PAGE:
In February the Sleep Education Blog reported on the use of bariatric surgery to treat obstructive sleep apnea. A small study found that surgery did provide some benefits; but it wasn’t a cure for OSA.
Now a new study takes a broader look at the evidence. The systematic review analyzed 12 studies involving 342 people.
Bariatric surgery did reduce the severity of obesity; the average body mass index (BMI) dropped from 55 kg/m2 to 38 kg/m2. A BMI of 30 or higher is considered “obese.”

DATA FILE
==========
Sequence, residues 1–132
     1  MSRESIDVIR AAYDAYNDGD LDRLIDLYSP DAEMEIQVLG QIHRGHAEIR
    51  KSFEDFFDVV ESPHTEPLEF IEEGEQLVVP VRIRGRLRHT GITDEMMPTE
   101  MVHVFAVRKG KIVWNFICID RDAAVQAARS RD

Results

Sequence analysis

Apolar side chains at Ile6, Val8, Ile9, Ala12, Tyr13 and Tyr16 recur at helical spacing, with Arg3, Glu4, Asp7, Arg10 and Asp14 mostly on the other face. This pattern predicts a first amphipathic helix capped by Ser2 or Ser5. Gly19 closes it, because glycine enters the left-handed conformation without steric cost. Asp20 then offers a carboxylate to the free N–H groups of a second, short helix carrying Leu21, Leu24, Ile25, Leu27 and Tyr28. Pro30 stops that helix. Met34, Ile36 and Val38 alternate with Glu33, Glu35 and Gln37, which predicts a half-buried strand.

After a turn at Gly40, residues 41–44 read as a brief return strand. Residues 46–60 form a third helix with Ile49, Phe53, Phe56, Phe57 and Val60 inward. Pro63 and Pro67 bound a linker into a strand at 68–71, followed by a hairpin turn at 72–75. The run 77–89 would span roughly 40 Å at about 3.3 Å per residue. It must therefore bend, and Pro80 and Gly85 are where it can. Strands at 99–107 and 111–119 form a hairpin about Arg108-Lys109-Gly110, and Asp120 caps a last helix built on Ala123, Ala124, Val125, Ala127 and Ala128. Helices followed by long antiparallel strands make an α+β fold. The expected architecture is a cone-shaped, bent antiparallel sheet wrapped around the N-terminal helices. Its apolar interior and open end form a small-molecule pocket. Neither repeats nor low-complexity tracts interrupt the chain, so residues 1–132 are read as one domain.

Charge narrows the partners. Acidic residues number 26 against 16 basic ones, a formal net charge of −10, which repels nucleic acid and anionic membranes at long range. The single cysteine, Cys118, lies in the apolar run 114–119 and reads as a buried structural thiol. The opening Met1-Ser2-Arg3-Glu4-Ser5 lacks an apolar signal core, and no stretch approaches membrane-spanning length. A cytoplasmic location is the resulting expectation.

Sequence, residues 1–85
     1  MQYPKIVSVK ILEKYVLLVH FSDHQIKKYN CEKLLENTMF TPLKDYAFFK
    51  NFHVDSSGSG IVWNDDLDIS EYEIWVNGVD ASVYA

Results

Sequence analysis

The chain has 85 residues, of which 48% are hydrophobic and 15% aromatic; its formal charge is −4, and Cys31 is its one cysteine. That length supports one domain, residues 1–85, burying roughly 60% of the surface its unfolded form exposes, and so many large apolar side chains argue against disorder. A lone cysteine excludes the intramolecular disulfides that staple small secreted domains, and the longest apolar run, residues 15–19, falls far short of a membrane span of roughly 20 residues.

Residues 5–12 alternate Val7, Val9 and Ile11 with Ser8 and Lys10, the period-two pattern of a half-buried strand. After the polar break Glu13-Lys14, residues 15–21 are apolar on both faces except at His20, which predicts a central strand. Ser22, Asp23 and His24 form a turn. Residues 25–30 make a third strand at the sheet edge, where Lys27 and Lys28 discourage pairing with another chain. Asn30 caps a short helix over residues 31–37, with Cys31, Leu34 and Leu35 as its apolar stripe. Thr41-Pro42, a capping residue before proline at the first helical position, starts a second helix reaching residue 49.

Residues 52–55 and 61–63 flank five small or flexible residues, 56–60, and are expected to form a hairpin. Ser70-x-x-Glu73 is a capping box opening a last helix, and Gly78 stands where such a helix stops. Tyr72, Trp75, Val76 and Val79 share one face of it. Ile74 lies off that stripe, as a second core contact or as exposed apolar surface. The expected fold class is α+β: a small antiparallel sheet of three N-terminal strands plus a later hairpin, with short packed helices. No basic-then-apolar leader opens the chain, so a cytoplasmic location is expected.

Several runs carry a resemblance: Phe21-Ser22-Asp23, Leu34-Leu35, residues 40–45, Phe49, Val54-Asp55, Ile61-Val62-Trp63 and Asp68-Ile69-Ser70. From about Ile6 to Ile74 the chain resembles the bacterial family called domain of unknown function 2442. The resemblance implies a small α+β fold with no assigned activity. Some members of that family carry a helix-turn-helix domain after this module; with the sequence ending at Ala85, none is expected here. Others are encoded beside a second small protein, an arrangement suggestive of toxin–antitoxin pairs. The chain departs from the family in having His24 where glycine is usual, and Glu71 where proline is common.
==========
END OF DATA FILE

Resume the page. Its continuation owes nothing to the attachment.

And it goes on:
Surgery also reduced the severity of sleep apnea; but it didn’t cure the problem.
The average apnea-hypopnea index (AHI) dropped from 55 breathing pauses per hour to 16 per hour. An AHI of 15 to 30 is considered “moderate” sleep apnea; an AHI of more than 30 is considered “severe” OSA.
The AASM recommends bariatric surgery as an optional treatment for severe obesity and sleep apnea. But it should only be used along with a first-line treatment such as CPAP therapy.
Contact an AASM–accredited sleep center to discuss all treatment options for OSA.